Promising statistics recently came out early this year indicating the mortality rate for older Americans is down from 2015 to 2016, perhaps due in part to the greater access to healthcare our elders enjoy now that insurance companies cannot deny individuals with pre-existing conditions. For Americans age 75 to 84, the mortality rate improved by 2.3 percent between 2015 and 2016, or twice the rate of improvement seen between 2011 and 2016. The figures come from the Society of Actuaries and is based on data provided by the Centers for Disease Control.
Mortality also improved for those 85-years and older by 2.1 percent, which is more than three times the rate of improvement between 2011 and 2016, according to new analysis from the Society of Actuaries. However, Americans aged 25 to 34-years old saw their mortality rates increase by 10.5 percent in 2016 which represented the highest of all age brackets.
The Society of Actuaries believes the uptick in mortality rates for younger Americans is due to a spike in accidents and the nationwide opioid epidemic. According to the report, opioid deaths are up almost 25 percent across the country in 2016, which constituted the highest increase for any single type of death.
According to data analyzed by the Society of Actuaries, the mortality rate in the United States has declined every year from 1999 to 2015 but the overall life expectancy has slowed in the past five-years. Heart disease is the number one cause of death among Americans and has been a very large contributor to the slowdown in mortality improvements since the late 2000s.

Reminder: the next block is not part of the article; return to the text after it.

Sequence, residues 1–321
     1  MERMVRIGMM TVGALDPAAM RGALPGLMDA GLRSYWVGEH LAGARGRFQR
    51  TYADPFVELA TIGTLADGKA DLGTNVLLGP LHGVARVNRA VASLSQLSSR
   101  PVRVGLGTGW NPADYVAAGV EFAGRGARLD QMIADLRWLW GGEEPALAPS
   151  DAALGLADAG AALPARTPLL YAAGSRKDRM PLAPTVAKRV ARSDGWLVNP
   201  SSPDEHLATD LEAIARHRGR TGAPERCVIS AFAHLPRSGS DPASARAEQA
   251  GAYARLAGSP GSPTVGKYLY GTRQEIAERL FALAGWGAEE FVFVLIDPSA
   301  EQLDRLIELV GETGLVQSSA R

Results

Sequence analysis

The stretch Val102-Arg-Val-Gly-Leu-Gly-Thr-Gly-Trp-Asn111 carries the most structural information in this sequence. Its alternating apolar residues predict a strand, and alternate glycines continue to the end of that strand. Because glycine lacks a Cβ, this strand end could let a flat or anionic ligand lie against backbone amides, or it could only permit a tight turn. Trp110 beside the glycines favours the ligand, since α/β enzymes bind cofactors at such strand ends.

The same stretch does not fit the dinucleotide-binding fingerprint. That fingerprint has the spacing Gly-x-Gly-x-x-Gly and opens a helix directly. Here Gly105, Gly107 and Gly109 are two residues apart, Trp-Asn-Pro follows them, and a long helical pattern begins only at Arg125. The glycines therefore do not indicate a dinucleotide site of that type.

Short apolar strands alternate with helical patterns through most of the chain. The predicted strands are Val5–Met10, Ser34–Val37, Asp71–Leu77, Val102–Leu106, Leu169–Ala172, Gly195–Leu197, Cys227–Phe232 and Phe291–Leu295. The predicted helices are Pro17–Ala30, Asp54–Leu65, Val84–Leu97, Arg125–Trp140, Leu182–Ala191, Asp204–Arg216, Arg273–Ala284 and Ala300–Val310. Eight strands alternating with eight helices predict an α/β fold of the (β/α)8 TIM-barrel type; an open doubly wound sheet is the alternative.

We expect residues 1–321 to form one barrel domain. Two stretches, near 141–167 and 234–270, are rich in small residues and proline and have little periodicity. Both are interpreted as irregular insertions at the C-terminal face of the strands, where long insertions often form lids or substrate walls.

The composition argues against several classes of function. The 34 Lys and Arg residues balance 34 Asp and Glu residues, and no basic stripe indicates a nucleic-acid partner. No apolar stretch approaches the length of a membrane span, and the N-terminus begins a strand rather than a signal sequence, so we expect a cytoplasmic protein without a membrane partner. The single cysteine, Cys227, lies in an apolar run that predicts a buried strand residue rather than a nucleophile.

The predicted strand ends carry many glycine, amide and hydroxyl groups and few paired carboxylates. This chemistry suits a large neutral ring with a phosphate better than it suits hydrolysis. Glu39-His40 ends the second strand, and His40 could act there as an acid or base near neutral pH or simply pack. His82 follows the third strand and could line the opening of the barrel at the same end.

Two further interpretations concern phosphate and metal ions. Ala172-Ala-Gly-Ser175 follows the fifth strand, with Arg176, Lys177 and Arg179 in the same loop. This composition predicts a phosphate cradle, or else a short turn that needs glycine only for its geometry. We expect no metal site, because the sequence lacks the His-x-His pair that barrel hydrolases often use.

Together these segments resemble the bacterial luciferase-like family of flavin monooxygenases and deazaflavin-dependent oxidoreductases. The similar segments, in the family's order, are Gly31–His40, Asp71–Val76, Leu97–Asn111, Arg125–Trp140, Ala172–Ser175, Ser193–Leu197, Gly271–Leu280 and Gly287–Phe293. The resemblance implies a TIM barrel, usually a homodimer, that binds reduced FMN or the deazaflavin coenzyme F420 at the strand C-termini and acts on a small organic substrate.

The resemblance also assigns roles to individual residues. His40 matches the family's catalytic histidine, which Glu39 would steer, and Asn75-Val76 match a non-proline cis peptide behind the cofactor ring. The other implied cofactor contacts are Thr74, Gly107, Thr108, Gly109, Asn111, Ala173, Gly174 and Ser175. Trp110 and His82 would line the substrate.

So what does all this mean for older Americans? For starters, companies providing pensions will have to readjust their actuaries to calculate for lump sum pensions buyouts, which can be good news for some folks planning their retirements. Those companies will in turn also have to rethink their pension funding methods as retirees are living longer, healthier lives.
Furthermore, the news is just one more reasons why folks need to periodically review their retirement and estate planning goals to keep pace with the realities around them. What may have seemed like a perfectly suitable plan a few years ago may need to be altered or adjusted when life changes occur. Take care of yourself and your family by staying on top of your estate plan, making changes to your will or trusts, and being aware of upcoming events.